For many years, insurance fraud has been considered a lucrative and popular crime amongst experienced criminals and opportunists alike. Not only do false insurance claims cost insurers money, according to the Association of British Insurers (ABI), fraud adds, on average, £50 to the annual insurance bill for every UK policyholder.
However, it’s becoming increasingly difficult for fraudsters to commit such crimes without being detected by law enforcement and insurers. Let’s take a look at just a few ways insurers are detecting false claims and tackling fraud.
Under pressure from the government and innocent policyholders, insurers are working hard to crack down on false and exaggerated insurance claims, investing at least £200 million into fraud identification and prevention each year. In 2014 alone, 130,000 fraudulent claims worth £1.32 billion were identified across all insurance products.
Although most insurance claims don’t require extensive investigation, many insurers will have counter-fraud specialists who will carry out inquiries if concerns are raised regarding the legitimacy of a claim. Such investigations can involve anything from social media checks to the assessment of industry databases. A personal interview with the claimant may be required to obtain a comprehensive report and identify any unusual behaviours which may question the validity of a claim.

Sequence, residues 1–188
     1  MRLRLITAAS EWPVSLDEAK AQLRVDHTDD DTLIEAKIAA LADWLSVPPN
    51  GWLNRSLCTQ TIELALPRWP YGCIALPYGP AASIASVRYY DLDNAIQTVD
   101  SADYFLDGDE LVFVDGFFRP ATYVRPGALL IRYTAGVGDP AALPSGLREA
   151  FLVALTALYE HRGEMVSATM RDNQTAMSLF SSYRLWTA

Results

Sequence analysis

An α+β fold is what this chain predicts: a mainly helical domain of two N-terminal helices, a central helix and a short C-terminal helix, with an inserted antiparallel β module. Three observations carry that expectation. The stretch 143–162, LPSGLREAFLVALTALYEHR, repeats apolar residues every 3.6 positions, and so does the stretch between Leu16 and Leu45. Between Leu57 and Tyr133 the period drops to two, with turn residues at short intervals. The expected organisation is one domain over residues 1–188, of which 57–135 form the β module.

CCTV is often used by insurers to determine whether a claim being made is legitimate or false.
When a man claimed he was injured in a car park car accident, police checked CCTV to identify exactly what happened. The footage showed that the claimant hadn’t even been in the car at the time of collision.
Claims for injuries such as slips, trips and falls are commonly debunked thanks to CCTV, saving business owners from extensive liability charges and preventing business ruin in the process.
The ABI warns that fraudsters are more likely than ever before to get caught. James Dalton, the ABI’s director of general insurance policy said: “The chances of getting caught have never been greater, and the consequences, such as a prison sentence and difficulty in getting future insurance and other financial products, have never been more severe and long-lasting.”
Whiplash claims cost the insurance industry millions of pounds each year. Although most claims are believed to be genuine, estimates suggest false whiplash claims cost motorists £2.5bn each year through an increase in motor insurance premiums.
In a bid to reduce the number of false whiplash claims, insurers are increasingly likely to demand that claimants undergo an extensive medical assessment.